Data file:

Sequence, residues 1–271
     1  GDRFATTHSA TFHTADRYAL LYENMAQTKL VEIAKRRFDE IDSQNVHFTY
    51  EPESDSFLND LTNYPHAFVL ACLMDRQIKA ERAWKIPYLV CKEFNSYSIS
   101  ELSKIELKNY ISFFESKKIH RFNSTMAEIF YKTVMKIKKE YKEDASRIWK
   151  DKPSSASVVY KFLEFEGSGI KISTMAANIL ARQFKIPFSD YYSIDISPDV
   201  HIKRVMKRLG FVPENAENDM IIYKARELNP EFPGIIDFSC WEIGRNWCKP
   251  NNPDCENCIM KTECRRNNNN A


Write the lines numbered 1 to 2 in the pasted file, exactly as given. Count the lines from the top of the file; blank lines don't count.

Sequence, residues 1–271
     1  GDRFATTHSA TFHTADRYAL LYENMAQTKL VEIAKRRFDE IDSQNVHFTY